In this episode, we talk to Russ Krajec, a “recovering patent attorney” who believes that IP (intellectual property) can be used as a financial instrument. He is the author of “Investing in Patents” and one of IAM’s Top 300 Patent Strategists. He talks about using patents as a financial instrument in engineering, and why it is important for engineers to patent their inventions.
Here Are Some of the Key Points Discussed About Using Patents as a Financial Instrument in Engineering:
- It is an honor for an engineer to get a patent because it is an award that is just short of a Nobel prize. It means that you have created something that nobody in history has ever thought of or created. Small companies can use their patents as weapons against other companies that are stealing their inventions. These patents must survive litigation, licensing, and must be of the highest quality possible. Big companies get many patents each year, so they do not focus on the finer details of their patents.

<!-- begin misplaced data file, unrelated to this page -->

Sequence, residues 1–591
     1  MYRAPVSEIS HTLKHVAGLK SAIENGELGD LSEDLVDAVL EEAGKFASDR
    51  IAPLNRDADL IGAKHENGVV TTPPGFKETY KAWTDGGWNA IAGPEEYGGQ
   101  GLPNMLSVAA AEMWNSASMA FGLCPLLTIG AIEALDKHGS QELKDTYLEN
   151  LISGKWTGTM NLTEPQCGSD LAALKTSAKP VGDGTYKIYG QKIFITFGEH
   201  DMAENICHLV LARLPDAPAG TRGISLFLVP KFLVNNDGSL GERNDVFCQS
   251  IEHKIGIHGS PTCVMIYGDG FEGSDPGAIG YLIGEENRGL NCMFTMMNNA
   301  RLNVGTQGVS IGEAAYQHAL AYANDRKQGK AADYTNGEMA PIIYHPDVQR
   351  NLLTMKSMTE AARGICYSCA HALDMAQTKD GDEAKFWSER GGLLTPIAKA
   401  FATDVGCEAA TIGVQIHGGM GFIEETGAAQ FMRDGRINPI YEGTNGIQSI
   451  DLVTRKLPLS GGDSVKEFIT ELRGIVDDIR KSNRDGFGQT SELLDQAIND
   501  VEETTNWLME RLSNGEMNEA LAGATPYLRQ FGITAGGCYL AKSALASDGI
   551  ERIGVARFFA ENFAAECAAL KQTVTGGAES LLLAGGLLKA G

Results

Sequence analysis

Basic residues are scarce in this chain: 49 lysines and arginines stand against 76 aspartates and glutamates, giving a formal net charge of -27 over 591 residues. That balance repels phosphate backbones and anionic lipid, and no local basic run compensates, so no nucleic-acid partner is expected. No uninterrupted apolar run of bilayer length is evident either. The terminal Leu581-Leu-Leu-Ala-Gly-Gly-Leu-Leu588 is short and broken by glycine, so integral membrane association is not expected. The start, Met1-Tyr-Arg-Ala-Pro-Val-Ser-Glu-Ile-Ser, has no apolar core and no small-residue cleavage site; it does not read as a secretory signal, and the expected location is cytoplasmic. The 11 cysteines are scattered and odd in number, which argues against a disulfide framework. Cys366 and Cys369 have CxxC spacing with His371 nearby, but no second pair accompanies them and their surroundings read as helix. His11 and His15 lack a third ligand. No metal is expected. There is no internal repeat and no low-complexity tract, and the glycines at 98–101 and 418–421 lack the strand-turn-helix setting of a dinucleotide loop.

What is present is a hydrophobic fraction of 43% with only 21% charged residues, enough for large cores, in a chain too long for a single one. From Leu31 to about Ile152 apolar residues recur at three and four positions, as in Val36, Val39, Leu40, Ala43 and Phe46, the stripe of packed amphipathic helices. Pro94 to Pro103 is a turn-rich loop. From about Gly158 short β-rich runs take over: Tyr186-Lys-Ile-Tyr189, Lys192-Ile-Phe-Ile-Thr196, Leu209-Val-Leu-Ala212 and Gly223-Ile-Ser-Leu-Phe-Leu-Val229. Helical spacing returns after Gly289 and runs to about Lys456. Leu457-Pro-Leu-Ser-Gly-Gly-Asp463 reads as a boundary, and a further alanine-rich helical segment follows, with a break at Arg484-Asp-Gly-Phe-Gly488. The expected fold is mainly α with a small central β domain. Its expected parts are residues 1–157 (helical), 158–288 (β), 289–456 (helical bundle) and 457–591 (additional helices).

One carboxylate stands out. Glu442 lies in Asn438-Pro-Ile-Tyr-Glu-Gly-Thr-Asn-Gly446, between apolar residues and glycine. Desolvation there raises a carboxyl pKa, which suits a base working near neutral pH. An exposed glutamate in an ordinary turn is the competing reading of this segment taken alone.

- If your patent is valuable, you can collateralize it and insure it to be enforced against other people. Having patents makes investors feel good, which is an important value proposition. Many investors make the mistake of not looking carefully at the patents before investing in them, which could cause them to lose money.
- To evaluate a patent, you must be sure that it is detectable. You must be able to detect if your competition is using what you have a patent for. If it is not detectable, then you have put your company at risk.